It is possible that this is the very dilemma that the gospel writer was asking people to consider when he placed these two stories back-to-back.  Should we get to work on issues of justice as the religious scholar was told, or should we just sit still and listen like Mary?

             To Martha’s complaint about Mary’s slothfulness, Jesus says that only one thing is necessary.  Although he doesn’t specify outright what that one thing is, he implies that by taking time to sit still and listen, Mary has chosen that necessary thing.  The really necessary thing is to listen carefully so that one knows what action one is supposed to take.

            “Mary sat at Jesus feet and LISTENED to his words.”  The word obey in the Old Testament means "to hear," "to listen", with reverent assent. The New Testament Greek origin of obey is suggestive of listening with intent to subordinate one's self to that which is heard. What Jesus was commending in Mary was her willingness to forego kneejerk obedience to social and religious expectation in favor of listening with the ears of her heart in order to know what her relationship with Jesus would require of her in time to come. 

            Such listening does not mean that action becomes unnecessary.  What it means is that unless we are willing to take the time to be still and silent before God, we may simply use up our energies and time in action that is not meant to be ours to do.  

            This is a crucial message for us at this present moment in the life of the Christian Church.  Rather than being hung up on following the literal letter of moral law as the Bible seems to present it, it would be helpful for us to still quietly and consider what the law of love as spoken and enacted by Christ teaches us. For Catholics, to listen with the ears of our hearts and ask Jesus how we should live out a renewed sense of Christian community for the 21st century might might mean that obedience to the Spirit of Jesus as heard in our conscience would mean disobedience to canon law.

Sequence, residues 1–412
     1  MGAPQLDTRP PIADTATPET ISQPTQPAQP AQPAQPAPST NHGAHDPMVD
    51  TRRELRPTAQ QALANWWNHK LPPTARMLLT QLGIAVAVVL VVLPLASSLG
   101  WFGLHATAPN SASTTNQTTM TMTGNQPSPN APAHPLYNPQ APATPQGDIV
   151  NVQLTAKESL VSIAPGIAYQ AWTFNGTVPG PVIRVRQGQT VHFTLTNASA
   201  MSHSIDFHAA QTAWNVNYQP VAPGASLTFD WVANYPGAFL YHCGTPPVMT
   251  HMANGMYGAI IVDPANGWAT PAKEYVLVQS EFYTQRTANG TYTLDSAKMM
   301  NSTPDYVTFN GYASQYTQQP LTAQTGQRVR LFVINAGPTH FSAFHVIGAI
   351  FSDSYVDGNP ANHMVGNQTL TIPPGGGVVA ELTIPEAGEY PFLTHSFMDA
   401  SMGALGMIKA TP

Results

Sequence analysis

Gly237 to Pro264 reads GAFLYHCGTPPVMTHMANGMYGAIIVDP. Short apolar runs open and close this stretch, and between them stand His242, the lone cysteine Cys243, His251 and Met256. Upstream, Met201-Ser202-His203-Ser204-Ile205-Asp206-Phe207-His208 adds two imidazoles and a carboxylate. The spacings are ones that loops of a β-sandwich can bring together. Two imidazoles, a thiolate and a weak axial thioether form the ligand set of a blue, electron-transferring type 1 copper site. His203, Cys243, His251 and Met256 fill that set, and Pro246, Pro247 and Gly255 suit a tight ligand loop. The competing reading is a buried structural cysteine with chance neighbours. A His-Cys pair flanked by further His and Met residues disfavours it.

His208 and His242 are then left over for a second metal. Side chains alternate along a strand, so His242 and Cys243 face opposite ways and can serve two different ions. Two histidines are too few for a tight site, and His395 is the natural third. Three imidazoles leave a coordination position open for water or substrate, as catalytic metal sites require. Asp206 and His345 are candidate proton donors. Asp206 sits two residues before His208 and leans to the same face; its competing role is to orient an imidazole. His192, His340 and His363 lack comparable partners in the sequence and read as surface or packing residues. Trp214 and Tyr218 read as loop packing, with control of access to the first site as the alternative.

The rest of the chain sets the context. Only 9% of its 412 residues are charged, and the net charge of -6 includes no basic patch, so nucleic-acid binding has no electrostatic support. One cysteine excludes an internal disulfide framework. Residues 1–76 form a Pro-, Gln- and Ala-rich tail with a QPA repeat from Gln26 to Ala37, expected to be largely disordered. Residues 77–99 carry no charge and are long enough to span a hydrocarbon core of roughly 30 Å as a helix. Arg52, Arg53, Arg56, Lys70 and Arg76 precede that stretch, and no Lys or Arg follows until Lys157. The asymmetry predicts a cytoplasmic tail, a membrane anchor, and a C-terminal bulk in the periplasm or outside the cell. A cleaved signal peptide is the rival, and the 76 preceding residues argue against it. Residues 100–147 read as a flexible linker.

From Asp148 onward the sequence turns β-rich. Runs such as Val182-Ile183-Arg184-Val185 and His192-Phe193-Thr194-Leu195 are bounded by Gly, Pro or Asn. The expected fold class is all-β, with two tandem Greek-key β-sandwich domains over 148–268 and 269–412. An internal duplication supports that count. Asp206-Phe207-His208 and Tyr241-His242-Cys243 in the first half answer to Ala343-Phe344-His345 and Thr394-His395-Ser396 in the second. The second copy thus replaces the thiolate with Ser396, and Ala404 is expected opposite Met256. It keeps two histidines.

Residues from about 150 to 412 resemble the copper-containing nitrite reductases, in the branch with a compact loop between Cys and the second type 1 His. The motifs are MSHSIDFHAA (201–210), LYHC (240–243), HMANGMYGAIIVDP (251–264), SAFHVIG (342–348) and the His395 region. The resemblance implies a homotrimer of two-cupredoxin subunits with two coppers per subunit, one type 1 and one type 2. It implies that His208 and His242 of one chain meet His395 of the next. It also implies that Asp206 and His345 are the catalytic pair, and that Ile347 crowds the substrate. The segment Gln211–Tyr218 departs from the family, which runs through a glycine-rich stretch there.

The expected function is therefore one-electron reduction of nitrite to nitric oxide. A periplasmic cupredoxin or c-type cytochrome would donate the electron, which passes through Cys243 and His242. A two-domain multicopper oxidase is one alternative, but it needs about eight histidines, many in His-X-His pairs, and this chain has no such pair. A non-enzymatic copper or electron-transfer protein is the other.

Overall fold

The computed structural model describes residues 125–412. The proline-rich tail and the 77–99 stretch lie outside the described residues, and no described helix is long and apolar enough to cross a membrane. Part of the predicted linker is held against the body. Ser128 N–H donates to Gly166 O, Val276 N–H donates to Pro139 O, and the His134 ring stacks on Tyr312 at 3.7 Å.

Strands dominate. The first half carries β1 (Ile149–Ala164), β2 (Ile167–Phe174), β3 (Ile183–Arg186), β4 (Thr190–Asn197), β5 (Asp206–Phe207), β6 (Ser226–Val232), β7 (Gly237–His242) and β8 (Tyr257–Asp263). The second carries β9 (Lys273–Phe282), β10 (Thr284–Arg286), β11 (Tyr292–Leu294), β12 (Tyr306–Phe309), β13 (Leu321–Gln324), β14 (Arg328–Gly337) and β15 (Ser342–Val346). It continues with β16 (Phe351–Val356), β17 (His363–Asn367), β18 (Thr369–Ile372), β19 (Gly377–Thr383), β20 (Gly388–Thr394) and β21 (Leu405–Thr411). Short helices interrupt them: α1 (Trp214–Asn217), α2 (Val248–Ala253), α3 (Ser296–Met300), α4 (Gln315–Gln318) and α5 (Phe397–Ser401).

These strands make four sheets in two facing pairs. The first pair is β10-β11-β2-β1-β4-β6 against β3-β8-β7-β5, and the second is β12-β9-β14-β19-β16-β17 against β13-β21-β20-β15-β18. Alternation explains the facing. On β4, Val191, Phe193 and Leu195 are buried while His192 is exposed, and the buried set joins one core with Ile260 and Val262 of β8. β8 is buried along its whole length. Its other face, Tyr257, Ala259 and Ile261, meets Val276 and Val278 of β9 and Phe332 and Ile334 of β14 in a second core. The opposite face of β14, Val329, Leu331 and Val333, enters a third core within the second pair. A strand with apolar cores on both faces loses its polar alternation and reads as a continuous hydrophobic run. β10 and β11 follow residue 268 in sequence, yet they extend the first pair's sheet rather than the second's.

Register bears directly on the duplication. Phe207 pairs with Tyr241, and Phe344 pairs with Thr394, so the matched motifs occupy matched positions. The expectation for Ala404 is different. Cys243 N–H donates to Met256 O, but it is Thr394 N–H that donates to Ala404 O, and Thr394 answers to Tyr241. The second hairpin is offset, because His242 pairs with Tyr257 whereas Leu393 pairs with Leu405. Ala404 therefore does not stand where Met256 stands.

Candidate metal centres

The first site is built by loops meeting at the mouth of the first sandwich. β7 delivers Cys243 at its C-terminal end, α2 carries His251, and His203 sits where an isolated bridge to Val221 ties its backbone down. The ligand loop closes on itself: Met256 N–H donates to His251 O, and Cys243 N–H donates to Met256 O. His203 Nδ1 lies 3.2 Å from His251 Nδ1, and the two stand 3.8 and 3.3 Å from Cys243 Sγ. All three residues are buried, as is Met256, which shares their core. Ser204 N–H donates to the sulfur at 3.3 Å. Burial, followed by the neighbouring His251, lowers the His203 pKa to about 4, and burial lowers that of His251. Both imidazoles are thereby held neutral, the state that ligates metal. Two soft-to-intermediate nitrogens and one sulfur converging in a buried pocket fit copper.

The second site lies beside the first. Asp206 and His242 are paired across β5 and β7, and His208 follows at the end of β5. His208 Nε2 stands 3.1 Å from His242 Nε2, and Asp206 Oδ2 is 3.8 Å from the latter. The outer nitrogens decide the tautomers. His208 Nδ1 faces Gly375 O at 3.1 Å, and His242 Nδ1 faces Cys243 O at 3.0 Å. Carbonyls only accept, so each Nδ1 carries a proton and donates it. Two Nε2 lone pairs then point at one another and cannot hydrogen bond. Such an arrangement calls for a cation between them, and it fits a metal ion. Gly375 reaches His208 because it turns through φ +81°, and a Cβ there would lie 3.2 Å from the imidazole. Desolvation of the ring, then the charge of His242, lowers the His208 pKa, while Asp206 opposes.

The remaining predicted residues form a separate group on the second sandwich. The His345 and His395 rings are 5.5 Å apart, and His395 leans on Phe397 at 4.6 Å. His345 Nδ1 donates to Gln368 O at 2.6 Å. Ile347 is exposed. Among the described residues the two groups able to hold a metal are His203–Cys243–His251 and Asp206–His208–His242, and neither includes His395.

Our Lumen Christi community is an active example of such obedience to prayerful listening.  This week an 80 year old Jesuit priest, Fr. Bert Thelen, responded in obedience to the Spirit by giving up his status as an ordained priest to become part of the laity once again. (THIS NCR article contains the script of the letter written by Fr. Thelen http://ncronline.org/blogs/ncr-today/veteran-jesuit-explains-choice-return-lay-life)

 Is ordination wrong?   No--- what this means is that each of us, as a unique part of the whole Body of Christ, needs to listen carefully with the ears of the heart to discern what is our particular call to obedience, and at what time that action should be taken.  Could it be that God is calling some male priests to step down even as women are called to step up as the Church moves towards a balance of gender wholeness?  Can we trust our brothers and sisters in Christ to hear their unique calls to obedience without judging their actions as right or wrong?

            The ancient wisdom of Ecclesiastes 3 comes to mind in the midst of this mystery.  It reminds us that in the divine economy, there is a time for everything. There is a time to take action and a time to sit still in prayer.  I invite you to listen, watch and commit your heart anew to listening carefully to the Spirit of God calling each person to his or her own little piece of obedience.  http://www.youtube.com/watch?v=bIBu2p8FR3o

By Sandi DeMaster